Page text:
2.5. Loading & Storing

ARM is a load/store architecture, meaning that most of the instructions can only work on registers. To work with data we must first load it into a register. When we are done working on it, we store it back to memory.

To load data we use the load register instruction. It typically is a two step process. First we load the address of the data that we want, then we load the data itself. We need this two step process because the memory address we want to load from is a 32-bit value - it cannot be included inside the instruction as it is too big. The address must be loaded into a register that can hold the full 32 bit value.

LDRrd, =LABEL

Load rd with the address that corresponds to the thing labeled with LABEL. This gets the address of the data, not the data itself. Similar to the & operator in C/C++

LDRrd, [rn]

Load rd with the word of memory at the location stored in rn. This loads the actual data pointed at by the register. This is similar to the * operator in C/C++

.data
x:   .word   0x12345678

.text
LDR   r1, =x      @r1 <- address of x
                  @int* r1 = &x; in c++

LDR   r2, [r1]    @r2 <- value at address stored in r1
                  @int r2 = *r1; in C++

end:  b end       @stop program
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Note

If you look closely at the assembled version of that code, you will notice that in the assembled version, the =x has been replaced by [pc, #4].

../_images/load.png

[pc, #4] means 4 bytes past where the Program Counter currently is. When the first LDR runs, the program counter will be 00000000 (the address of that instruction). In early version of the ARM architecture, the PC would actually be 8 bytes past that when the instruction executed. So the final address would be 0x00000000 + 4 + 8 = 12 = 0xC. If you look at address 0000000C, it contains the data 0x00000010. 0x00000010 is in fact the address of x. The assembler has: 1) calculated the address of x; 2) stored that value in memory at the end of the .text; 3) set the first LDR to load that value. That is all fairly complex, but most of the time, we do not have to worry about the mechanics. We just use LDR rd, =LABEL and count on the assembler to manage the details.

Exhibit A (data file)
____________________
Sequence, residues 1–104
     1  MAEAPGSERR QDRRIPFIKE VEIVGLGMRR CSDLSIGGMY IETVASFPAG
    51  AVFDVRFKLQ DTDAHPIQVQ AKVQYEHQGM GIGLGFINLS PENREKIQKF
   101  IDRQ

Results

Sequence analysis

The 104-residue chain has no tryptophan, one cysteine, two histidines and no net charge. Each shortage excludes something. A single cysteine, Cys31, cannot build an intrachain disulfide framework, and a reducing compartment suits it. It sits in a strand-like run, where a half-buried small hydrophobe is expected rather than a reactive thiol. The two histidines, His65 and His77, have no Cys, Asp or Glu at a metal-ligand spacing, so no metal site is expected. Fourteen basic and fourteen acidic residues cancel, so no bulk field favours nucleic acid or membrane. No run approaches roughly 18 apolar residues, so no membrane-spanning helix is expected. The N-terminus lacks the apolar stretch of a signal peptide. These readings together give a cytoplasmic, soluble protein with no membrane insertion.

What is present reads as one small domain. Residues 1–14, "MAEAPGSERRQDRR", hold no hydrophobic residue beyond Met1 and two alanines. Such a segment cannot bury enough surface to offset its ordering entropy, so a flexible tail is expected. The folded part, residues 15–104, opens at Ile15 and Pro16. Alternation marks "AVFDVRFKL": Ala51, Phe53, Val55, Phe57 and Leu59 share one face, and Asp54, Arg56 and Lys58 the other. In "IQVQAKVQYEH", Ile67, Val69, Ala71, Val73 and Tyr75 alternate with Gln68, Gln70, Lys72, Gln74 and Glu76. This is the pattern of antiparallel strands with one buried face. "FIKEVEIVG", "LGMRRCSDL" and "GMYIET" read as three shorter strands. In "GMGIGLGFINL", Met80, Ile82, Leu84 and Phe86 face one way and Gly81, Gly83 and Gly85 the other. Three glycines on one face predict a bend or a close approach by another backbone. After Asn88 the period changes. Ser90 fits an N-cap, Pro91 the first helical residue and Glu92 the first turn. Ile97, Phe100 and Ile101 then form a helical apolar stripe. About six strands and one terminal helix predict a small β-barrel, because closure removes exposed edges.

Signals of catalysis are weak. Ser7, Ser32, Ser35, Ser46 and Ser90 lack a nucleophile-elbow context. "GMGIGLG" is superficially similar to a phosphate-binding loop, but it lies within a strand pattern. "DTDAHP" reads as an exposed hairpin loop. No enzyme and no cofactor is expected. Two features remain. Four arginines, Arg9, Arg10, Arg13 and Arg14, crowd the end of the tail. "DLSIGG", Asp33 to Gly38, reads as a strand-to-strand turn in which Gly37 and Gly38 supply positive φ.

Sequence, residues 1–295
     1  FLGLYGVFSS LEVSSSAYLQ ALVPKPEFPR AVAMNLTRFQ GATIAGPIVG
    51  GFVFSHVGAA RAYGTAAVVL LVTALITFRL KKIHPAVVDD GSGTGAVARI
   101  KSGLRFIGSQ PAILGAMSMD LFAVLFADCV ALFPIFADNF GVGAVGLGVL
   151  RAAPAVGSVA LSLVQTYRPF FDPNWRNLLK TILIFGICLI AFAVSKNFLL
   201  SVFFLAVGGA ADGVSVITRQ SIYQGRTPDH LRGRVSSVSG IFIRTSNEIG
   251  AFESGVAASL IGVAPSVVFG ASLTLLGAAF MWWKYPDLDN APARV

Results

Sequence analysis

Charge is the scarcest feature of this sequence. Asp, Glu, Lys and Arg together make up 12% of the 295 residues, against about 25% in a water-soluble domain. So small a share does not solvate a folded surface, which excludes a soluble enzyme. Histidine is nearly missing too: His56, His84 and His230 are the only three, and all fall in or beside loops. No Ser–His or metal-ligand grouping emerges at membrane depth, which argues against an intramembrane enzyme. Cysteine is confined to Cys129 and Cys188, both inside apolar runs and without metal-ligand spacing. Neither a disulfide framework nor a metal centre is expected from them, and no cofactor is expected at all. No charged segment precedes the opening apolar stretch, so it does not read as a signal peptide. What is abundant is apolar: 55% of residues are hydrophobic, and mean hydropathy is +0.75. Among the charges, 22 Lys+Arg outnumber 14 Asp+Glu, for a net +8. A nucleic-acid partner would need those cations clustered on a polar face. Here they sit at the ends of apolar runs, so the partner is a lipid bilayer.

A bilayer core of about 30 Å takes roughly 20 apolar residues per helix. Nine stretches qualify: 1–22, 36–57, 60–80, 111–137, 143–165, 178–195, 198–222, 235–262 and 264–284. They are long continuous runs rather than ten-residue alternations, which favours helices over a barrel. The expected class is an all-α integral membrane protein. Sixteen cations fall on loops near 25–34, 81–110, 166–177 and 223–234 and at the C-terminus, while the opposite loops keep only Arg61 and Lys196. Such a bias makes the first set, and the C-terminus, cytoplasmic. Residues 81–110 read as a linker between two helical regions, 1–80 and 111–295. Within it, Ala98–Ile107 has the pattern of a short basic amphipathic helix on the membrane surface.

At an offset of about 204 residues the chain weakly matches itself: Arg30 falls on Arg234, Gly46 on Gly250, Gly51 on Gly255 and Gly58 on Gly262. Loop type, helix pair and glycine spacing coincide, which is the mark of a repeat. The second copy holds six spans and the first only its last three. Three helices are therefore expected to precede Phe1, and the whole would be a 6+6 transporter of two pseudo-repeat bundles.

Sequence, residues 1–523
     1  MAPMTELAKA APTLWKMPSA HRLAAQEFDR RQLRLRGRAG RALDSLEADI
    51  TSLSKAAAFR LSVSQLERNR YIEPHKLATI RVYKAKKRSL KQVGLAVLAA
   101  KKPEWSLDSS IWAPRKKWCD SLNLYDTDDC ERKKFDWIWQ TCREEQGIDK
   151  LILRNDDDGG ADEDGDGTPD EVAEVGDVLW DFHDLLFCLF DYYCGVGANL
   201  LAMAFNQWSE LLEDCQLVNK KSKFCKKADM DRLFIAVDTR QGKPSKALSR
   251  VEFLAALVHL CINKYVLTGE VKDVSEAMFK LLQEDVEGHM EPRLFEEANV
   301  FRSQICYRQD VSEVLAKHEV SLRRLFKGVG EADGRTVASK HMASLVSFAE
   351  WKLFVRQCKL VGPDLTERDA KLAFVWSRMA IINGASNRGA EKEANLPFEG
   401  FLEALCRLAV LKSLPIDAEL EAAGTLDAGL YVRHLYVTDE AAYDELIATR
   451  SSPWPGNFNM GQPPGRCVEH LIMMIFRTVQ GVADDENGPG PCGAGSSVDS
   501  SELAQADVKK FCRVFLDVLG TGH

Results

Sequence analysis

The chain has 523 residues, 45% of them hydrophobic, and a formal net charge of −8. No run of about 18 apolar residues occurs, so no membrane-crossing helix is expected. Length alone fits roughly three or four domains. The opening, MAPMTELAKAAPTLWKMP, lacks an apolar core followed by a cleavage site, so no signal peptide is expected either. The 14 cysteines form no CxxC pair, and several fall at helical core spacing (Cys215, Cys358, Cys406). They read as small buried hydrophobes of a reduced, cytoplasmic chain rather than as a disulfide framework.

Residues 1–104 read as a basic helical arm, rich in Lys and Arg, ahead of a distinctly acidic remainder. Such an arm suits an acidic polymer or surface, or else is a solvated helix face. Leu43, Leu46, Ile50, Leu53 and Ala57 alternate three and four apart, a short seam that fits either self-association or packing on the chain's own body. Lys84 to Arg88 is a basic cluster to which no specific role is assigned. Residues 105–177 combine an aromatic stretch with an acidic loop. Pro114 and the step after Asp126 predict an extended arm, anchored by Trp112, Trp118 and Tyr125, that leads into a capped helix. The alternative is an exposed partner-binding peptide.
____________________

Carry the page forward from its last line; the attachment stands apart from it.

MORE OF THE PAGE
2.5.1. Loading an Immediate

We can use the assembler’s tricks to have it load a value that is too large/complex to fit as the immediate value in a MOV instruction. A load can specify a numeric value to load, the assembler will place it into memory and automatically calculate the address for it.

LDRrd, =value

Load rd with the value specified. The value is not an immediate - it does not get # in front of it.

LDR   r1, =0xABCDABCD
LDR   r2, =45000

end:  b end       @stop program
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Note

A load instruction may be less efficient than MOV instructions that do not rely on a trip to memory. ARMv7 provides MOVT and MOVW instruction that each can move a 16-bit chunk of data into a register. MOVW loads the lower 16-bits of a register and wipes out the top 16-bits. MOVT places 16-bits in the top 16-bits of the register, leaving the lower 16 bits unmodified. So a MOVW followed by a MOVT is likely a more efficient way to load a 32-bit value than loading it.

2.5.2. Storing

To store a piece of data back to memory after working on it in registers, we use the store register instruction:

STRrs, [rn]

Take the value that is stored in rs and store it into memory at the location in rn. Note that the destination is the second register!!!

The store register instruction needs to have the address it will store to loaded into a register, so it will usually be preceded by a LDR rn, =identifier instruction that loads the memory address we are going to store to. This program loads data from a variable x, multiplies it by 2 and stores the answer back to y:

.data
x:   .word   5
y:   .word   0

.text
_start:
LDR   r1, =x      @r1 <- address of x  (&x)
LDR   r2, [r1]    @r2 <- x

LSL   r2, r2, #1  @r2 <- r2 * 2

LDR   r3, =y      @r3 <- address of y  (&y)
STR   r2, [r3]    @store from r2 to location given by r3
                  @y <- r2

end:  b end       @stop program
Try sample
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